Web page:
CMA Awards 2019: Complete list of winners, best and worst moments

CMA Awards 2019: Complete list of winners, best and worst moments

“The female creative spirit, female energy, it’s really needed right now. It’s really important. And I feel like it’s something that earth needs,” Musgraves said as she picked up the trophy for female vocalist. Her hit ballad, “Rainbow,” won music video of the year. “So whether it’s me that’s up here or any of the other women in this category, I just think that it’s a beautiful thing and I’m very appreciative.”

It was a fitting speech, given the show’s theme was “celebrating legendary women in country music”; Nashville has made lots of unflattering headlines in recent years about the male-dominated genre’s lack of support for female artists. So the CMAs split up the longtime co-hosting duo of Carrie Underwood and Brad Paisley, sending Paisley packing (but giving him a prime-time special to air next month) and pairing Underwood with legends Dolly Parton and Reba McEntire.

Male artists still received the majority of the awards, such as Combs, Nashville’s breakout star who won song of the year for his smash hit “Beautiful Crazy” and male vocalist. “This is pretty unbelievable stuff,” he said through tears as he accepted the latter award. “Country music means everything to me.”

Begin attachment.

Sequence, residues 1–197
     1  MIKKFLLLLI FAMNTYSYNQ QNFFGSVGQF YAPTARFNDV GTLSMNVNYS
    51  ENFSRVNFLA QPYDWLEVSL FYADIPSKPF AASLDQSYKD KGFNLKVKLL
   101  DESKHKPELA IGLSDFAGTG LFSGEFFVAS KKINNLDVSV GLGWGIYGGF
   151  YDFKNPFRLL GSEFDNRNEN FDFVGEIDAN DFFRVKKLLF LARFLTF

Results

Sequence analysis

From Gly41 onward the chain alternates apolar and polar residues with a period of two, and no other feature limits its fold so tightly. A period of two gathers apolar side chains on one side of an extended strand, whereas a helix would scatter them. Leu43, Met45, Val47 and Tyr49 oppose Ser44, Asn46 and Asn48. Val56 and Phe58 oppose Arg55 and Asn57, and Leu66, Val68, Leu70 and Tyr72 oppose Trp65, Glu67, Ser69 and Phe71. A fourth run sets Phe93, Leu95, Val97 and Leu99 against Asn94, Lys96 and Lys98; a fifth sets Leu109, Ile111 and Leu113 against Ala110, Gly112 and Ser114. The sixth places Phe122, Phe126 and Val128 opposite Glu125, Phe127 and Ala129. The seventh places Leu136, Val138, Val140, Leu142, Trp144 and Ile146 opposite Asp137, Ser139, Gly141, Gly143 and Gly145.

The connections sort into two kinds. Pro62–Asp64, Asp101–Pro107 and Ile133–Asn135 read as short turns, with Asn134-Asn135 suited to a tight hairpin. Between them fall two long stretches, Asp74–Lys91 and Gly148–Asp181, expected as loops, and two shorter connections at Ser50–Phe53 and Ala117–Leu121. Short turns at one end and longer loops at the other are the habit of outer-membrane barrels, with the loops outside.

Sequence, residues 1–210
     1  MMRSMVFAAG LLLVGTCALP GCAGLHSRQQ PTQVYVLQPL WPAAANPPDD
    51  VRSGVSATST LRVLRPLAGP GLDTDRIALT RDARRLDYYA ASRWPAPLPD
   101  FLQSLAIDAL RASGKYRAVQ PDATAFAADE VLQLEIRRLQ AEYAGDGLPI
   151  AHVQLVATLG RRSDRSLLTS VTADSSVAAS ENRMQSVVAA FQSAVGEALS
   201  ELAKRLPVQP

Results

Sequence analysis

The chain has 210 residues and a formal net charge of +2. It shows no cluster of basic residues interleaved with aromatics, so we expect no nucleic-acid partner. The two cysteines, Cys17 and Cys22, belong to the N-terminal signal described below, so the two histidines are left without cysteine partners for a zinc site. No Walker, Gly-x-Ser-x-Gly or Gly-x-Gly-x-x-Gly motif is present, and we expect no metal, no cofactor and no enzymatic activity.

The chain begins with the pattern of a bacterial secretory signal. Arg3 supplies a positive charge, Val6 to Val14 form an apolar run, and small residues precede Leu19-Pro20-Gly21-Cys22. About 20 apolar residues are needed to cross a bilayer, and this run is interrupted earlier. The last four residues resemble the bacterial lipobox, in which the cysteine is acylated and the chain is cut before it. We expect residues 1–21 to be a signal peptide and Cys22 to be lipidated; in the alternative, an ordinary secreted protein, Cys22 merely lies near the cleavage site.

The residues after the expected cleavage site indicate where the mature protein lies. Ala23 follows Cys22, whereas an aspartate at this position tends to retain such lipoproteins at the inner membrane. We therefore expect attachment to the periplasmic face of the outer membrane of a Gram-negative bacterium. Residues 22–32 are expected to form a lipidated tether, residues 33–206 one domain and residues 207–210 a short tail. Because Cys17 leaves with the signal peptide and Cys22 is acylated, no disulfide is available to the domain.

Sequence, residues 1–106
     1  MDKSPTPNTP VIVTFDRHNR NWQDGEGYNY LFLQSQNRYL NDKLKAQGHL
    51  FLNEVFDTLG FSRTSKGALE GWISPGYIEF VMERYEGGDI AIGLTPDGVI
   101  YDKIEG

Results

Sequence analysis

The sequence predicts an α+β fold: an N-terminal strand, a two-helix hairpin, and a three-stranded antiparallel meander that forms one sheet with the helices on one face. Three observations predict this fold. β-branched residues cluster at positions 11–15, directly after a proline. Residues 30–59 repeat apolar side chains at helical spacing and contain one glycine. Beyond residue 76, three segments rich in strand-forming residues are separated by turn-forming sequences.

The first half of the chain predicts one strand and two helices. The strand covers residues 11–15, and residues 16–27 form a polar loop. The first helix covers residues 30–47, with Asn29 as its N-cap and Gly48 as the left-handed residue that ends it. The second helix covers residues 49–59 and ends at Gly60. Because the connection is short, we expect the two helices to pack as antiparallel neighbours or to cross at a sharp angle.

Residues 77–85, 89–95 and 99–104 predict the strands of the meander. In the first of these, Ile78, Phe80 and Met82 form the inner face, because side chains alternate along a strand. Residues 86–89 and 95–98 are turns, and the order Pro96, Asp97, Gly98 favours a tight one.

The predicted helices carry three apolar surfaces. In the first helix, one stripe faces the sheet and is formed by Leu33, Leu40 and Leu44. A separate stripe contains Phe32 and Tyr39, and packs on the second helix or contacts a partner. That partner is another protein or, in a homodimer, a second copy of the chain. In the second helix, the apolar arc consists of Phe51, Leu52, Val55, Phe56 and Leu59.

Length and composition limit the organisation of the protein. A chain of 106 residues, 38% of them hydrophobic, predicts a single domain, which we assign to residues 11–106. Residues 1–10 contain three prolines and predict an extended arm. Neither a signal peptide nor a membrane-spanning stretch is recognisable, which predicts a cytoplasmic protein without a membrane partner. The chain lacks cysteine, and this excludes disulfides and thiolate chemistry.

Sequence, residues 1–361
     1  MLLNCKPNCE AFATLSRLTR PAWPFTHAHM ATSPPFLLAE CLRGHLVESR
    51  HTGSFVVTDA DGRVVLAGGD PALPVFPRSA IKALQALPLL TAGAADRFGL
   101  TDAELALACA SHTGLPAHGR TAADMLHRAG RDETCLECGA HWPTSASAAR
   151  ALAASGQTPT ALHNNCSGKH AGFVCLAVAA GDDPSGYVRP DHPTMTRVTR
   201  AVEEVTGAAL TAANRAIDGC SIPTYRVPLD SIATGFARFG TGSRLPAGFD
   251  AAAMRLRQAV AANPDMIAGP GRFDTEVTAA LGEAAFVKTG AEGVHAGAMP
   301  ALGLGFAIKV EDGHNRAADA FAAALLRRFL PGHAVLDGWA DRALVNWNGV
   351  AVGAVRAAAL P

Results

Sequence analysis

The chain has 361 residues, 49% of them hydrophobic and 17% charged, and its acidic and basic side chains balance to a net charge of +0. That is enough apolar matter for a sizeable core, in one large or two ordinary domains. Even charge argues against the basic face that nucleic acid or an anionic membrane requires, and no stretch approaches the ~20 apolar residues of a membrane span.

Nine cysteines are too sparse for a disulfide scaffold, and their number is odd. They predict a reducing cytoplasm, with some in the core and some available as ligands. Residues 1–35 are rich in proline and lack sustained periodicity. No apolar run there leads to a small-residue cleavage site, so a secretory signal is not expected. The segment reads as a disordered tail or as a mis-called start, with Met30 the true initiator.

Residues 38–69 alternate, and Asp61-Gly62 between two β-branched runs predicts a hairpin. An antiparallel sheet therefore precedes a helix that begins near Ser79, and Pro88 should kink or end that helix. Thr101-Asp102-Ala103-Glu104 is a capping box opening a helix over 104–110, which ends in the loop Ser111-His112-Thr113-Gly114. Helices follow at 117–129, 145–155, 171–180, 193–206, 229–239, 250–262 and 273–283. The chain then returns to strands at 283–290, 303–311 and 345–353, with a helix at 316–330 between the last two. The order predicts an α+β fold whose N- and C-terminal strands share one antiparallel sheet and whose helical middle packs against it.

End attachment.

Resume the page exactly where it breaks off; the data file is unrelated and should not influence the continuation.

Garth Brooks landed the most prestigious prize, entertainer of the year, and name-checked Combs in his speech. “Luke Combs, wherever you’re at, this has got your name on it in the future, I can tell you that right now,” he said, and also gave shout-outs to McEntire and Kelsea Ballerini’s performances.

Here are some of the best and worst moments from the three-hour telecast; a complete list of winners and nominees is below.

BEST:

The opening medley

The first 10 minutes of the show were a whirlwind, as more than a dozen female artists took the stage for a medley of classics by female country stars. Underwood, Parton and McEntire sang “Those Memories of You,” recorded in 1987 by Parton, Linda Ronstadt and Emmylou Harris; Jennifer Nettles, Kimberly Schlapman and Karen Fairchild tackled Loretta Lynn’s “You’re Lookin’ at Country”; and the Highwomen belted out Tammy Wynette’s “Your Good Girl’s Gonna Go Bad.” Then a few artists sang their own hits: Tanya Tucker (“Delta Dawn”); Gretchen Wilson (“Redneck Woman”); Crystal Gale (“Don’t It Make My Brown Eyes Blue”); Terri Clark (“Better Things to Do”); Sara Evans (“Born to Fly”); and Martina McBride (“Independence Day.”)

While there were a few noticeable absences why was Trisha Yearwood only in the audience? — the overall medley was mesmerizing; the camera caught quite a few delighted country singers in the crowd singing and dancing along to easily the most captivating performance of the night.

Brooks and Dunn, and Brothers Osborne

Earlier this year, Kix Brooks and Ronnie Dunn had the ingenious idea to make a “Reboot” album, in which they rerecorded some of their biggest hits with contemporary country artists. One of the catchiest tracks was “Hard Workin’ Man” (a Top 10 in 1993) with Brothers Osborne, and the two duos joined forces to perform the rocker. The four of them blended together effortlessly, with some help from TJ Osborne’s baritone to John Osborne’s famous guitar skills.

Maren Morris’s tribute to Busbee